4017:17 <stickies-v> but I'd say the PR is pretty self contained
 4117:17 <stickies-v> gonna start with the first question:
 4217:17 <stickies-v> Why do we have `startShutdown` both in `kernel/notifications_interface.h` as well as in `node/kernel_notifications.h`?
 4317:19 <LarryRuane> (that's the question i got stumped on, since it's not in both of those places)
 4417:19 <mutex> yeah I'm not seeing it
 4517:19 <LarryRuane> (in the latest PR head)
 4617:21 <stickies-v> yeah, it's in commit a6a3c3245303d05917c04460e71790e33241f3b5
 4717:23 <stickies-v> but, I think it probably doesn't make sense to keep discussing questions that no one's seen the code for
 4817:23 <stickies-v> so I suggest we stop covering the prepared questions and instead just move to general Q&A on the PR, if there are any?
 4917:25 <mutex> is this an issue of the questions being prepared for code that has already been superceded?
 5017:26 <LarryRuane> Here's something I wondered while reviewing this PR (but the latest on github), but just a c++ question, there are empty braces at the end of that declaration, do those need to be there? what do they do?
 5117:27 <stickies-v> mutex: yeah, there was quite a big code overhaul this morning. we do include the HEAD that we look at on the website, but I now see that it only is mentioned for reviews in the past, not for current/upcoming ones
 5217:27 <mutex> I have a quesiton about this comment: No signals on windows? I thought windows was POSIX compliant?
 5317:27 <mutex> (modern windows)
 5417:28 <LarryRuane> mutex: +1 good question, what happens when you hit control-c on windows? Does that even work there? How does it work without signals?
 5517:29 <TheCharlatan> afaik windows has its own event thing that you can use to emulate posix signals.
 5617:30 <TheCharlatan> (I'm not a windows dev though)
 5717:30 <TheCharlatan>
 5817:30 <mutex> my knowledge here is from 20 years ago, where WindowsNT had a POSIX subsystem, i'm sure things have changed since then ;-)
 5917:30 <stickies-v> LarryRuane: I think `KernelNotifications notifications` and `KernelNotifications notifications{}` are equivalent, since `KernelNotifications` is a class with a default constructor
 6017:31 <evansmj> `As a standalone library the libbitcoinkernel should not have to rely on code that accesses shutdown state through a global.`  was `static std::atomic<bool> fRequestShutdown(false);` the original global?  the state being just true/false?
 6117:31 <LarryRuane> thanks
 6217:31 <stickies-v> but with the braces we ensure that it's always initialized, so probably better practice to do it like this?
 6317:31 <LarryRuane> i see, so even if the class does have a default constructor, probably no harm in specifying those braces
 6417:32 <stickies-v> evansmj: that's my understanding, yes!
 6517:38 <LarryRuane> in case this is also helpful to others... here's a list of the files that are considered part of libbitcoinkernel:
 6617:39 <LarryRuane> (well, not "considered" ... actually are!)
 6717:39 <LarryRuane> it's more than I thought
 6817:39 <stickies-v> with the "#TODO" line above it quite important:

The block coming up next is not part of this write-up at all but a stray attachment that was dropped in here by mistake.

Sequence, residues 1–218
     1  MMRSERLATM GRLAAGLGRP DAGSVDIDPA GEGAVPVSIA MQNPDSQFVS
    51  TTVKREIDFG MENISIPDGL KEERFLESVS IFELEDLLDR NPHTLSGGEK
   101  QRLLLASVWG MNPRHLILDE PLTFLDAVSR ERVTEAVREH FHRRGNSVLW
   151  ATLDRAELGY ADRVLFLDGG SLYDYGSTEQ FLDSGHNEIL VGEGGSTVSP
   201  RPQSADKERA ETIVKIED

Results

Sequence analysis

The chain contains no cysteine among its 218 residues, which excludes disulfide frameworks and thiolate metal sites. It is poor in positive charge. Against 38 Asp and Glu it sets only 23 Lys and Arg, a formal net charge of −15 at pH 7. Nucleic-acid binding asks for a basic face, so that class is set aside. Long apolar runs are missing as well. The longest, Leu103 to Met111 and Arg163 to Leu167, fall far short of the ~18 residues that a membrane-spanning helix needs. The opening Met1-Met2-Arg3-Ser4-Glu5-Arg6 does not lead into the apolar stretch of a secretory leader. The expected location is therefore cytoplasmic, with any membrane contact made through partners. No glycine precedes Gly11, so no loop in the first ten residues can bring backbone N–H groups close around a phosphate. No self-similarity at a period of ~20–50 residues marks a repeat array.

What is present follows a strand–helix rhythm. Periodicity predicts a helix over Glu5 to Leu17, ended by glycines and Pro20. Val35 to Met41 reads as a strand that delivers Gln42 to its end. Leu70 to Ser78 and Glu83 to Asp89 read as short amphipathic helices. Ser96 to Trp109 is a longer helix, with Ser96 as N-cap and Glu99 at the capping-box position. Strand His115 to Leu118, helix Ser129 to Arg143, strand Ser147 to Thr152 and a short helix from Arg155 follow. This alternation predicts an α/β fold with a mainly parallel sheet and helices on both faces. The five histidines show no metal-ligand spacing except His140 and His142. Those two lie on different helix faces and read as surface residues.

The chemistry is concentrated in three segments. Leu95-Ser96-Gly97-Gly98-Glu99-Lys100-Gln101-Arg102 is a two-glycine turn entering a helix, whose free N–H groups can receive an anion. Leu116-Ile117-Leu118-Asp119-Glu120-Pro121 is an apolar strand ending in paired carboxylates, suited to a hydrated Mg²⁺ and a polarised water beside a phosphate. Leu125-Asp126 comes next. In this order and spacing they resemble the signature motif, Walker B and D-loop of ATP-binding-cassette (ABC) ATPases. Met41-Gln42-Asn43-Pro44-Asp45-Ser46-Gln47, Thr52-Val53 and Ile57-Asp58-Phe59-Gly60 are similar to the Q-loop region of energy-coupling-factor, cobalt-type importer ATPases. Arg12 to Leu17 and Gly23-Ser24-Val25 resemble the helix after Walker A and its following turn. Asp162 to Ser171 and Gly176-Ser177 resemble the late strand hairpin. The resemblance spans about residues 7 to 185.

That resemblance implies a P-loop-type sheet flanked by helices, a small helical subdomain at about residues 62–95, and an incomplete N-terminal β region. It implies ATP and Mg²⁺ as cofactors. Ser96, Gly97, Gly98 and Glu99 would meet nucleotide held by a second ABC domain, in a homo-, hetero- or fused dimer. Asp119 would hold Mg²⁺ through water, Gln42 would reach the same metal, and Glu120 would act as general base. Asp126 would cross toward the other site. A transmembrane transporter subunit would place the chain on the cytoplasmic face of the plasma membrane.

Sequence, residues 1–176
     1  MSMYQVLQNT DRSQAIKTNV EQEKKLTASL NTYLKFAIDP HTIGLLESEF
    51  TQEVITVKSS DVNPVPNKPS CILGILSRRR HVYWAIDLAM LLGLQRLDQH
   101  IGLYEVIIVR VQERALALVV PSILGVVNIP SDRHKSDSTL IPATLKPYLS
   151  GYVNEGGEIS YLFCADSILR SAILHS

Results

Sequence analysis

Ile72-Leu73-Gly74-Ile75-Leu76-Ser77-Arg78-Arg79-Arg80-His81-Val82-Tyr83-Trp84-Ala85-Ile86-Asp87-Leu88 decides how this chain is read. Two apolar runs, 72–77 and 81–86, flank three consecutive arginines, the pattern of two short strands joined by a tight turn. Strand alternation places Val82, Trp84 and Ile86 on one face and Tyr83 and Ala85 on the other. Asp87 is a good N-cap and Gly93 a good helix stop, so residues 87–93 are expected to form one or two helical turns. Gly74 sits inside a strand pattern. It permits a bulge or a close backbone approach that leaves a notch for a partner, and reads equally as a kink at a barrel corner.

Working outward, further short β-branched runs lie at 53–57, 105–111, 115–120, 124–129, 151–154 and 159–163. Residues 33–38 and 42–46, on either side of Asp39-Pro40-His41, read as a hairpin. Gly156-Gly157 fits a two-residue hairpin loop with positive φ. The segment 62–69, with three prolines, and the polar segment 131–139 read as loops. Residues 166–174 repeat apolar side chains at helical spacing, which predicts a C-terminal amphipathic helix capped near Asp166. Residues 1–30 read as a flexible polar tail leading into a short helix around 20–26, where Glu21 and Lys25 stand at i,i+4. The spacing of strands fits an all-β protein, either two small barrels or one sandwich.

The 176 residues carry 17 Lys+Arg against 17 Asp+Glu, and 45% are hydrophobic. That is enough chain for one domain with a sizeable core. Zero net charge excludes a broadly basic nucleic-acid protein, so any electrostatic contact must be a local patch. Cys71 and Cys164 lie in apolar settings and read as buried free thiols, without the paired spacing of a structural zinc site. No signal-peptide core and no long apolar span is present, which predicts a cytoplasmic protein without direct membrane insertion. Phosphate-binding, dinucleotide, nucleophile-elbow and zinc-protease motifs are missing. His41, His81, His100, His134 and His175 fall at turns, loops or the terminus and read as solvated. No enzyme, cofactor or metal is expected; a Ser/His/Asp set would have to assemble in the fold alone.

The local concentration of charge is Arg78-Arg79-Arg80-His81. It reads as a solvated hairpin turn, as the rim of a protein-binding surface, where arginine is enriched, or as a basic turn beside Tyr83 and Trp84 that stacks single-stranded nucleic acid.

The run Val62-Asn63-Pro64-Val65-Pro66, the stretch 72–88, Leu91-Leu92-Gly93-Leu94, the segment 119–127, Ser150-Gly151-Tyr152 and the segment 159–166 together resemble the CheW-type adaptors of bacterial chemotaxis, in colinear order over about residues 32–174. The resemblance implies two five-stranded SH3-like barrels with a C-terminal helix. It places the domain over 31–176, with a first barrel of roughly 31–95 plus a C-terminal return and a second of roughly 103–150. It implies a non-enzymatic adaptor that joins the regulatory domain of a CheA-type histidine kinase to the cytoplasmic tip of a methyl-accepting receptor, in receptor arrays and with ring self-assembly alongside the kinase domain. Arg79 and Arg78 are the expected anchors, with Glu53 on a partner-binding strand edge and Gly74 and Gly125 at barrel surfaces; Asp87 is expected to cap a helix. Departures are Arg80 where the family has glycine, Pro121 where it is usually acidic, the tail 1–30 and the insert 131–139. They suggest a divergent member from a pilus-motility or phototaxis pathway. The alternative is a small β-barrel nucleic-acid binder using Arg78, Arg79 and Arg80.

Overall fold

6917:39 <stickies-v> " more and more modules are decoupled from the consensus engine, this list will shrink to only those which are absolutely necessary."
 7017:40 <LarryRuane> yes, great point, i had missed that!
 7117:41 <mutex> So the PR changes the signaling method, does the behavior change at all? I see a few exceptions being thrown, does that change the behavior other than to stop hashing?
 7217:42 <mutex> I don't think i know enough about the surrounding code to understand
 7317:42 <LarryRuane> so the first two commits (in the review club version, not the latest PR tip) are removing calls to the global `ShutdownRequested()` function from those files (that make up libbitcoinkernel), IIUC
 7417:43 <stickies-v> mutex: I've not looked at the current version too much yet, but I think behaviour is not meant to change, no
 7517:44 <evansmj> so now, classes interested in the shutdown state need to look at the kernel Context notifications for the signal interrupt flag.  what kinds of things/classes are interested in this?  i see bitcoind checks it immediately in AppInit(), is that somehow the main looping check?
 7617:45 <TheCharlatan> behaviour should not change except for the two subtle changes/bugfixes in the latest PR tip.
 7717:45 <stickies-v> LarryRuane: I think just the first commit? but otherwise, yeah
 7817:45 <LarryRuane> yes, you're right
 7917:51 <stickies-v> evansmj: I think long-running operations, mostly? In `master`, I'd look at callsites of `ShutdownRequested()`, e.g. here when we're loading the blockindex:
 8017:54 <LarryRuane> I assume one of the goals of a PR like this is making consensus code more testable? So that last commit, "kernel: Remove shutdown from kernel library" changes all the calls (in libbitcoinkernel) to the global `StartShutdown()`, to instead call a notification callback, for example `chainman.GetNotifications().startShutdown(ShutdownReason::StopAfterBlockImport)`
 8117:55 <LarryRuane> so with that change, test code won't *really* get shutdown (the test process) when this condition occurs
 8217:56 <LarryRuane> test code wouldn't really get shut down, it might check that this callback did happen (like presumably it's supposed to), and fail the test if not .. something like that
 8317:58 <stickies-v> LarryRuane: yeah I think that's definitely true, and probably holds for pretty much all decoupling? the less intertwined everything is, the more straightforward your tests can be
 8417:58 <stickies-v> I didn't think of that though, nice
 8517:59 <stickies-v> alright, looks like we're out of time
 8618:00 <evansmj> thanks
 8718:00 <stickies-v> thanks for your work on this PR TheCharlatan, and thanks everyone else for attending!
 8818:00 <stickies-v> #endmeeting